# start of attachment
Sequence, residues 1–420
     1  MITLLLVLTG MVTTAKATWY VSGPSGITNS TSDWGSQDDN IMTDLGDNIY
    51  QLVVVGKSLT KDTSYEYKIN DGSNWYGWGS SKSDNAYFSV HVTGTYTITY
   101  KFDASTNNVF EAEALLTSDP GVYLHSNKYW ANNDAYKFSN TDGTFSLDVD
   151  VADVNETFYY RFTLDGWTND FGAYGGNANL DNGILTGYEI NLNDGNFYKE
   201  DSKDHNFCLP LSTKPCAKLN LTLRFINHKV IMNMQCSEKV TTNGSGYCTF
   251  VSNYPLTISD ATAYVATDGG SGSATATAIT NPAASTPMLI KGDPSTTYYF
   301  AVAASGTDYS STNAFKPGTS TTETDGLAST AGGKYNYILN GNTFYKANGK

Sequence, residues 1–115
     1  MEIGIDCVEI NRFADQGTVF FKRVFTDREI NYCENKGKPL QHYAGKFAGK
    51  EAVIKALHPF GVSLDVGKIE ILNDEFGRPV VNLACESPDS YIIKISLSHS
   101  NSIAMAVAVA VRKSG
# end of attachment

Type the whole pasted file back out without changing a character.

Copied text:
Sequence, residues 1–420
     1  MITLLLVLTG MVTTAKATWY VSGPSGITNS TSDWGSQDDN IMTDLGDNIY
    51  QLVVVGKSLT KDTSYEYKIN DGSNWYGWGS SKSDNAYFSV HVTGTYTITY
   101  KFDASTNNVF EAEALLTSDP GVYLHSNKYW ANNDAYKFSN TDGTFSLDVD
   151  VADVNETFYY RFTLDGWTND FGAYGGNANL DNGILTGYEI NLNDGNFYKE
   201  DSKDHNFCLP LSTKPCAKLN LTLRFINHKV IMNMQCSEKV TTNGSGYCTF
   251  VSNYPLTISD ATAYVATDGG SGSATATAIT NPAASTPMLI KGDPSTTYYF
   301  AVAASGTDYS STNAFKPGTS TTETDGLAST AGGKYNYILN GNTFYKANGK

Sequence, residues 1–115
     1  MEIGIDCVEI NRFADQGTVF FKRVFTDREI NYCENKGKPL QHYAGKFAGK
    51  EAVIKALHPF GVSLDVGKIE ILNDEFGRPV VNLACESPDS YIIKISLSHS
   101  NSIAMAVAVA VRKSG